A Book on Children's Literature

The kid in me is still alive
“Youth is such a wonderful thing; it’s a shame to waste it on the young!” This aphorism by George Bernard Shaw brilliantly exposes the ludicrous side of the romantic idealization of children, so characteristic of the 19th century.
For generations, religious leaders, educators and parents in the Western world had viewed childhood as an inferior, defective, irrational and sin-filled stage of human development. Then, this period of life underwent a cultural rehabilitation. From the late 18th century on, and especially in the 19th century, childhood was raised to the level of an ideal, representing moral purity, innocence, honesty and creativity. Childhood became the symbol of everything good in humanity, or for what humans could become if they were not spoiled by corrupt and hypocritical adult society.

Edward Lear, the eminent nonsense poet, was diagnosed by psychologists as someone who had ‘never emotionally recovered’ from his family’s adventures. ‘Perhaps because his childhood was cut short so suddenly and cruelly, he refused to grow up and remained, inside, an eternal child.’ Is the ‘eternal child’ inside the real, pure self the pinnacle of the realization of the artist’s unique personality, or is it no more than a construct, a projection, a regressive fantasy that charges the act of artistic fiction?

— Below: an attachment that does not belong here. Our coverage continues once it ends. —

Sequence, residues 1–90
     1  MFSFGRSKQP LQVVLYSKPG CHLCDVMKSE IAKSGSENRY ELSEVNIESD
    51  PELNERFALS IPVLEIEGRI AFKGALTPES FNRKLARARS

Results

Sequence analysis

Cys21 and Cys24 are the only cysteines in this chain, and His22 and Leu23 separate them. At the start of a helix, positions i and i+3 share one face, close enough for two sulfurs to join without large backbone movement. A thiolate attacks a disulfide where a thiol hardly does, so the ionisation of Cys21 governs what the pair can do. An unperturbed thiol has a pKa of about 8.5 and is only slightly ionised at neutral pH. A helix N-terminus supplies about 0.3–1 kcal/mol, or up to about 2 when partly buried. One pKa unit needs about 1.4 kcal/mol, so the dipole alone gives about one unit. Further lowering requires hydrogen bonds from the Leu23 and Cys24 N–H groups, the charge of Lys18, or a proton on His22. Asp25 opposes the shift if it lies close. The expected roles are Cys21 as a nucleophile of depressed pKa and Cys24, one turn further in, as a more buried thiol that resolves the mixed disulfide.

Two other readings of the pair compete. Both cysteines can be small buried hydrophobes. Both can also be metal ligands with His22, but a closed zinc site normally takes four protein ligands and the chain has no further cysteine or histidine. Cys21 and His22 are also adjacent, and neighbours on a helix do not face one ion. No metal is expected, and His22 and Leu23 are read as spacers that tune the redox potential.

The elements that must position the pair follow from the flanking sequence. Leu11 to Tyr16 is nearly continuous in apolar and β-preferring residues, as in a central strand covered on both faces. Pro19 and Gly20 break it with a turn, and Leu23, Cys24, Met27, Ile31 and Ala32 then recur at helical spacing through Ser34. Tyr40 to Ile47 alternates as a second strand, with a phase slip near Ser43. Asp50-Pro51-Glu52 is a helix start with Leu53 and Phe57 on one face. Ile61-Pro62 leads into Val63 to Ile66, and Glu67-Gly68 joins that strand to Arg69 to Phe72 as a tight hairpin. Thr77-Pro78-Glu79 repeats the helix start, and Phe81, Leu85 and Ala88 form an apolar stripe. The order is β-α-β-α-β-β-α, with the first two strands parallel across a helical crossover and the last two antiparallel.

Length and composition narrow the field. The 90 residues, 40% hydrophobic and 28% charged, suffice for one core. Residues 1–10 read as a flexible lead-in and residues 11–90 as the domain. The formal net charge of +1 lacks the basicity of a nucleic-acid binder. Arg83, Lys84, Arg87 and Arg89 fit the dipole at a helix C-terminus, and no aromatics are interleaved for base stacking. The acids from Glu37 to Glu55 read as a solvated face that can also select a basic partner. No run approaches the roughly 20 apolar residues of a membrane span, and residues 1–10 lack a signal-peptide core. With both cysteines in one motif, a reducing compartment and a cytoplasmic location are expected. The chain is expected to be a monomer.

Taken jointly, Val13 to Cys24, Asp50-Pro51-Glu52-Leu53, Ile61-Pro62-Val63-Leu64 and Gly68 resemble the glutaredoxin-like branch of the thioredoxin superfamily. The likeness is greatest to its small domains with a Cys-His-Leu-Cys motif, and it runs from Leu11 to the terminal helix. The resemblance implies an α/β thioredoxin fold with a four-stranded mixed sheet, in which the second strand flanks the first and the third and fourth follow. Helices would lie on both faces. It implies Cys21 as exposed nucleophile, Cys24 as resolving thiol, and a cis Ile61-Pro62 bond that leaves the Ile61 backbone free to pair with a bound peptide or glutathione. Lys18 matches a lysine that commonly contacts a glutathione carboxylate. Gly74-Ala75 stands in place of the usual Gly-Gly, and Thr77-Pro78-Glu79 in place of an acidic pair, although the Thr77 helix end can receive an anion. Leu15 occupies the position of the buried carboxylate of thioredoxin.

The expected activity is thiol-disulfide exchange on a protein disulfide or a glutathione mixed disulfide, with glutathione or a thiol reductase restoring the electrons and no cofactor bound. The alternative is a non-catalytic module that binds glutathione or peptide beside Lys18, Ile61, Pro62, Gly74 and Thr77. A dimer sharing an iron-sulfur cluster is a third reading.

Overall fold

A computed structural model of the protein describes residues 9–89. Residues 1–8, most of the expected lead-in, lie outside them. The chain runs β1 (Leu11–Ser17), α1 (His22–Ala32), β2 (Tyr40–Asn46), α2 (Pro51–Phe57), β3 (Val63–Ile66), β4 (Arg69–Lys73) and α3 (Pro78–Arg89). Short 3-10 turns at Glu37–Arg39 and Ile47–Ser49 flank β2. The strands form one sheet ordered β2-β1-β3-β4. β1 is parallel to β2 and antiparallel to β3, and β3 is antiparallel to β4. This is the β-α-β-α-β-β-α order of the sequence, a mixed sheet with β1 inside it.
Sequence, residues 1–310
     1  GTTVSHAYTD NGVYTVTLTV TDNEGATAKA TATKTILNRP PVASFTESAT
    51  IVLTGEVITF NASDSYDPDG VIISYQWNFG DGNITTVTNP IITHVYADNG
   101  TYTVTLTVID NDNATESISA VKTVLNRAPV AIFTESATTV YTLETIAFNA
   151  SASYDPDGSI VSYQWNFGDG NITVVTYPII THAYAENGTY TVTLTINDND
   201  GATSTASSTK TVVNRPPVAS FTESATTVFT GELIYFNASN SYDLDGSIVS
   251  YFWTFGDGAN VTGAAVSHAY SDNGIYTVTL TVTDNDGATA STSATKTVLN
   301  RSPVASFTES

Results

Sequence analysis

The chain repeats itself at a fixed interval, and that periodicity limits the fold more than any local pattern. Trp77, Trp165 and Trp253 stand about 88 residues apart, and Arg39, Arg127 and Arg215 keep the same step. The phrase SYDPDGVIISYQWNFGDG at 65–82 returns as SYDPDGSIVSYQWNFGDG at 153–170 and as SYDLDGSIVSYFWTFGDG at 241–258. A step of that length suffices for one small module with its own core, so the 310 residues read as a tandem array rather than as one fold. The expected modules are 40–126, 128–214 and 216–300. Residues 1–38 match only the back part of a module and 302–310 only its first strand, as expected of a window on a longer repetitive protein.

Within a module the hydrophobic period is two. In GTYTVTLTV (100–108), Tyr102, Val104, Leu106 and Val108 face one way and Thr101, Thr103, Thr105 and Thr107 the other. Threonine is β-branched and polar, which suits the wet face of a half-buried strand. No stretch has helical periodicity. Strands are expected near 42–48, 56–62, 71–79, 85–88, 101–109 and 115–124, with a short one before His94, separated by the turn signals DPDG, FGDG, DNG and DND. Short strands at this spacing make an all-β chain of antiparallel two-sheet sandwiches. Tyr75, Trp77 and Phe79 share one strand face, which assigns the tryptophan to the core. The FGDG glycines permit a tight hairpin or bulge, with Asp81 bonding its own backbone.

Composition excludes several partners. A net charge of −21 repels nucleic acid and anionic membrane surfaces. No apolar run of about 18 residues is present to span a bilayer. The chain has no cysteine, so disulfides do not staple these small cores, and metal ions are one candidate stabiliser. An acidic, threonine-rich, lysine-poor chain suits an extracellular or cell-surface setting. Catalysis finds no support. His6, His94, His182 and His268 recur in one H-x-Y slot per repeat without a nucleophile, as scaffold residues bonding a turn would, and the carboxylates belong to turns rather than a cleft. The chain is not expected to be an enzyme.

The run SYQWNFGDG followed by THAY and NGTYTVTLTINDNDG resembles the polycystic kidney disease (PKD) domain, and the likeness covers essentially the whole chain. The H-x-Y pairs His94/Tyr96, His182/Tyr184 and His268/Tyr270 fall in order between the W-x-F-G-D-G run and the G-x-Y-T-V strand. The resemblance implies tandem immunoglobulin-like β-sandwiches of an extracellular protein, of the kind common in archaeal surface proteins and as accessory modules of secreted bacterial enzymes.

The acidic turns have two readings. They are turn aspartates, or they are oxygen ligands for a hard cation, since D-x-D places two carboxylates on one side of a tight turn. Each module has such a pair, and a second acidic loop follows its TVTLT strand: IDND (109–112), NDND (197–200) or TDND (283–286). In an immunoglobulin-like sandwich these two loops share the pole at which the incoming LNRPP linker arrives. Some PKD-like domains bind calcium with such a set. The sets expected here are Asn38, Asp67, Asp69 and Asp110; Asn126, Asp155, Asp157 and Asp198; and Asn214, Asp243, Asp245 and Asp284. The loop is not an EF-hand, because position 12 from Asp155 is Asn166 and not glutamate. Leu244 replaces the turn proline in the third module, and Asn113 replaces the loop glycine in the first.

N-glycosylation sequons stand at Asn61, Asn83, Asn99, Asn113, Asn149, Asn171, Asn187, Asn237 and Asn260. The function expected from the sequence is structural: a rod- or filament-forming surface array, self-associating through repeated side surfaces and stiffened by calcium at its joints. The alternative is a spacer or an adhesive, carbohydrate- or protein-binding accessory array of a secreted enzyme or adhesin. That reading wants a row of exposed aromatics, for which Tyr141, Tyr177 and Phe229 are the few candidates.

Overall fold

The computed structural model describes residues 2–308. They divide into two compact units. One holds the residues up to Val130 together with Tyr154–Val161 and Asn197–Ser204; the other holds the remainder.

[A review by Galia Benziman of “Big Children: Beloved Children’s Authors – Their Lives and Work.” Three volumes: “The English” (228 pages); “The Americans” (262 pages) and “Especially the Europeans” (272 pages) by Yehuda Atlas, Yedioth Ahronoth Publishing, Sifrei Hemed, 2003.]
Haaretz – Israel News | 26 March 2004

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